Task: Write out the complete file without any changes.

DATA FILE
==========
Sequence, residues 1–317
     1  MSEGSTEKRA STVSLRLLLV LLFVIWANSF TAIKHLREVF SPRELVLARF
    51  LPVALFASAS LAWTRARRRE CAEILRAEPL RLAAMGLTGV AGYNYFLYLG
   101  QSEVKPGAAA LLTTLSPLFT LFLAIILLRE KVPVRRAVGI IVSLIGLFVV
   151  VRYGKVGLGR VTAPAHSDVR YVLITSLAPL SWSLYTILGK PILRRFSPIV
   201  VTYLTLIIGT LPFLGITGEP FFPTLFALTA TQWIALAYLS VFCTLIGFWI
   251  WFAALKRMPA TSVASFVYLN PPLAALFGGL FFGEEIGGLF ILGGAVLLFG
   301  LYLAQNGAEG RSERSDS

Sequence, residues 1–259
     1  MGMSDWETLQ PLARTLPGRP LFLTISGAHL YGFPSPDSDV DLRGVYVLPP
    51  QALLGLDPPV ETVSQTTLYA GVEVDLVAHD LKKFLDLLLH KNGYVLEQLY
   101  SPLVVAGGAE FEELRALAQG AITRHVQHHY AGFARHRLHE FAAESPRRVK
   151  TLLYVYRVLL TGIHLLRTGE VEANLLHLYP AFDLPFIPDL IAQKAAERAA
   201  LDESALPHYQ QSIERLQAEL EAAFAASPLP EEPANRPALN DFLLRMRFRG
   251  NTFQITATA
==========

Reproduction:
Sequence, residues 1–317
     1  MSEGSTEKRA STVSLRLLLV LLFVIWANSF TAIKHLREVF SPRELVLARF
    51  LPVALFASAS LAWTRARRRE CAEILRAEPL RLAAMGLTGV AGYNYFLYLG
   101  QSEVKPGAAA LLTTLSPLFT LFLAIILLRE KVPVRRAVGI IVSLIGLFVV
   151  VRYGKVGLGR VTAPAHSDVR YVLITSLAPL SWSLYTILGK PILRRFSPIV
   201  VTYLTLIIGT LPFLGITGEP FFPTLFALTA TQWIALAYLS VFCTLIGFWI
   251  WFAALKRMPA TSVASFVYLN PPLAALFGGL FFGEEIGGLF ILGGAVLLFG
   301  LYLAQNGAEG RSERSDS

Sequence, residues 1–259
     1  MGMSDWETLQ PLARTLPGRP LFLTISGAHL YGFPSPDSDV DLRGVYVLPP
    51  QALLGLDPPV ETVSQTTLYA GVEVDLVAHD LKKFLDLLLH KNGYVLEQLY
   101  SPLVVAGGAE FEELRALAQG AITRHVQHHY AGFARHRLHE FAAESPRRVK
   151  TLLYVYRVLL TGIHLLRTGE VEANLLHLYP AFDLPFIPDL IAQKAAERAA
   201  LDESALPHYQ QSIERLQAEL EAAFAASPLP EEPANRPALN DFLLRMRFRG
   251  NTFQITATA